The European Aeronautic Defense and Space Co.’s (EADS) Eurocopter unit said yesterday it had successfully completing a firing campaign using the Spike air-to-ground missle as part of the development of the HAD (support and destruction helicopter) version of the Tiger.
The firing campaign was conducted at Spain’s El Arenosillo firing range, which belongs to the Spanish National Institute for Aerospace Technology (INTA).
Spain is one of two customers for the HAD version of the Tiger: the Spanish armed forces have ordered 24 of these aircraft, and France has ordered 40 HAD version Tigers.
For air-to-ground missions, the Spanish helicopters will be equipped with the fiber-optic guided Spike missile developed by the Israeli company Rafael.
Seven missiles were fired in El Arenosillo. Five were launched without their main propulsion units, as the sole aim was to validate the helicopter/weapon integration concept and to clear the firing envelope, ensuring that the weapon separated cleanly from the helicopter during firing. This was checked in hover and in forward flight. The other two missiles were able to hit their targets six to eight kilometers away as these infrared guided missiles were equipped with their propulsion units. All of the missiles were fired successfully.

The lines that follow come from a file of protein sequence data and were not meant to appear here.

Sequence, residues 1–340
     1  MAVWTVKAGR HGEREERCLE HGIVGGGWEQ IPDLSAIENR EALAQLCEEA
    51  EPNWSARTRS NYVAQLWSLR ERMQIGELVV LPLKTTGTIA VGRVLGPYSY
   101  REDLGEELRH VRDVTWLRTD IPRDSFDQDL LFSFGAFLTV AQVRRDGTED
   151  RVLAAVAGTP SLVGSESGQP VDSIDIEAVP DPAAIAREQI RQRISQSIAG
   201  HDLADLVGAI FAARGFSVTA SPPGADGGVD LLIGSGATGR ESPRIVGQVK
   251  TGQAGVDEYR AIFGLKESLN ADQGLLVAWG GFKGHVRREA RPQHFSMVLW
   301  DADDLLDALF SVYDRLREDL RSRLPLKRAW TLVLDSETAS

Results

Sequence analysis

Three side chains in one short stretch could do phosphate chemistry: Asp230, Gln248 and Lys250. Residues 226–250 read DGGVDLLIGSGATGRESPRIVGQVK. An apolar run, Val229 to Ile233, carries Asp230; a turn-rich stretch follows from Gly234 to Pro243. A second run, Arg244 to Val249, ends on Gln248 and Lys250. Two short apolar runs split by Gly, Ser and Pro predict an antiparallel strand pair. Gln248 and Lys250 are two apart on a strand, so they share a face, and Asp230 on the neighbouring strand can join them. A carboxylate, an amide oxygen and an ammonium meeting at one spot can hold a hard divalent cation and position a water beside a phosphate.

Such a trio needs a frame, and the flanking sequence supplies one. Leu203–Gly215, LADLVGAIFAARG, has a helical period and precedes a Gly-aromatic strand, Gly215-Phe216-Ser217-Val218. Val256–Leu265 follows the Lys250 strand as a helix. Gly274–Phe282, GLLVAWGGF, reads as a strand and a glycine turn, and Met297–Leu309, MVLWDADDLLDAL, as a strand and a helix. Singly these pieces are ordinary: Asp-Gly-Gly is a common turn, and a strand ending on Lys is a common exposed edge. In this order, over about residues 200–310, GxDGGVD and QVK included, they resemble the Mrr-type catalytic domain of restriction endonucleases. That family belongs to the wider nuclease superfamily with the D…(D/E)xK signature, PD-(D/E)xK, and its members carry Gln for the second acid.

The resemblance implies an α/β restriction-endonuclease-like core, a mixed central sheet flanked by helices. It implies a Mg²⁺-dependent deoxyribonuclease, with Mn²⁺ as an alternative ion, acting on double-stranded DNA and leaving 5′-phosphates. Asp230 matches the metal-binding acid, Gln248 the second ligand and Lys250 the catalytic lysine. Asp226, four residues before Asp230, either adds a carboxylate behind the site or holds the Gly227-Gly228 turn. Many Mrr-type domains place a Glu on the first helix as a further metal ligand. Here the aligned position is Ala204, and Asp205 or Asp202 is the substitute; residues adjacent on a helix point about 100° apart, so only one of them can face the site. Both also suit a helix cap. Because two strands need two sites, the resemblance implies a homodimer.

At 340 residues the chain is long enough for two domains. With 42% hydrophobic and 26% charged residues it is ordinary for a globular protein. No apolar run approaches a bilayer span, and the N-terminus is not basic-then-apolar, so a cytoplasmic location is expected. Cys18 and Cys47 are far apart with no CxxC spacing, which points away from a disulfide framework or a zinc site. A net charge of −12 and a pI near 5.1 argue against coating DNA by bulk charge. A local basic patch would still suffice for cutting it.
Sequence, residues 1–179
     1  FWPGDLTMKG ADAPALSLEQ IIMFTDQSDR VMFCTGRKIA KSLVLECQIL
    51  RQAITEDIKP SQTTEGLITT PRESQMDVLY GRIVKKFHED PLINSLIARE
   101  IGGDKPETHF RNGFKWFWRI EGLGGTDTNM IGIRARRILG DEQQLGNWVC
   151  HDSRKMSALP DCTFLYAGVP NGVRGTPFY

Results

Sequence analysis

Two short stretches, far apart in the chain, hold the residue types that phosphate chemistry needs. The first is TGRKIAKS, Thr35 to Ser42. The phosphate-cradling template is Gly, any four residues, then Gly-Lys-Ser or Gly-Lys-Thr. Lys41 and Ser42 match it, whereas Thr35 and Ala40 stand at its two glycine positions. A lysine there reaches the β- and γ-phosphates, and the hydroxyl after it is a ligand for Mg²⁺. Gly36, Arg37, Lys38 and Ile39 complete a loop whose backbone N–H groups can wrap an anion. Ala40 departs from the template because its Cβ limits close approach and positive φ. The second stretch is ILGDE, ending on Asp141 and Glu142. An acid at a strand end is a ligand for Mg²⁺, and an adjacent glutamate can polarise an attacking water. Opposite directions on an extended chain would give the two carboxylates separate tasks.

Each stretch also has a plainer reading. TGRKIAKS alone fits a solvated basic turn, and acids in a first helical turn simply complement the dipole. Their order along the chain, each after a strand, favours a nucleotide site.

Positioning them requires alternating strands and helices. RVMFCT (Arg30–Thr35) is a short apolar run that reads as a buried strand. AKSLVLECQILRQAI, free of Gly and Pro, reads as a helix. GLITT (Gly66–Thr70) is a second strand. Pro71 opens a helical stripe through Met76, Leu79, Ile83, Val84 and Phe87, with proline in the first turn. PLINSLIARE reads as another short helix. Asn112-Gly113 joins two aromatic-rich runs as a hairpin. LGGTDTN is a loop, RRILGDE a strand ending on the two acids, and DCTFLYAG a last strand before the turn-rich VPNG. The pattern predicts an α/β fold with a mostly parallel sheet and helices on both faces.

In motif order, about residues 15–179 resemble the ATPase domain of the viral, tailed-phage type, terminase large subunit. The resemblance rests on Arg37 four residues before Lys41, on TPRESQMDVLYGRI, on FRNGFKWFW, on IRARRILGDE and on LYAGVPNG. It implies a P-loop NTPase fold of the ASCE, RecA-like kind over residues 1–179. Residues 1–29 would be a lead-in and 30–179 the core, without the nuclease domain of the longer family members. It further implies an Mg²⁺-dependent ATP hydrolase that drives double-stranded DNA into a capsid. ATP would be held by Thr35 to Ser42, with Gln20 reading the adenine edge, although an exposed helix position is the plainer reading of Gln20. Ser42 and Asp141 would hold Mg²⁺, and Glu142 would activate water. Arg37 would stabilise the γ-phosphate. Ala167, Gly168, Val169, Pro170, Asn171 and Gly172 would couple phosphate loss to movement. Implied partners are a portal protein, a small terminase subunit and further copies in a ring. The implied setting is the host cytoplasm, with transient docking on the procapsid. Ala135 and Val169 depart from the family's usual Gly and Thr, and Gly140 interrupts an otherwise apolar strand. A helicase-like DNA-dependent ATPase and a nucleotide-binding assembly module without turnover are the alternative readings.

Developed by Eurocopter, the Tiger is a new generation multi-purpose combat helicopter. To date, 206 Tigers have been ordered in the aircraft’s four main versions. Germany has asked for 80 Tigers in the support UHT version. France has ordered 40 aircraft in the combat support HAP version plus 40 HAD version Tigers. Spain wants 24 Tigers: six HAP and 18 HAD version aircraft. The six HAP Tigers will later be raised to the HAD standard when this version is fully qualified. Australia has ordered 22 Armed Reconnaissance Helicopter Tigers.